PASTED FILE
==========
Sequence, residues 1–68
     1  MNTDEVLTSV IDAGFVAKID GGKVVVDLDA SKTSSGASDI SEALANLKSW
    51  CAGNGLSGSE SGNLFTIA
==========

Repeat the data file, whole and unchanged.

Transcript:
Sequence, residues 1–68
     1  MNTDEVLTSV IDAGFVAKID GGKVVVDLDA SKTSSGASDI SEALANLKSW
    51  CAGNGLSGSE SGNLFTIA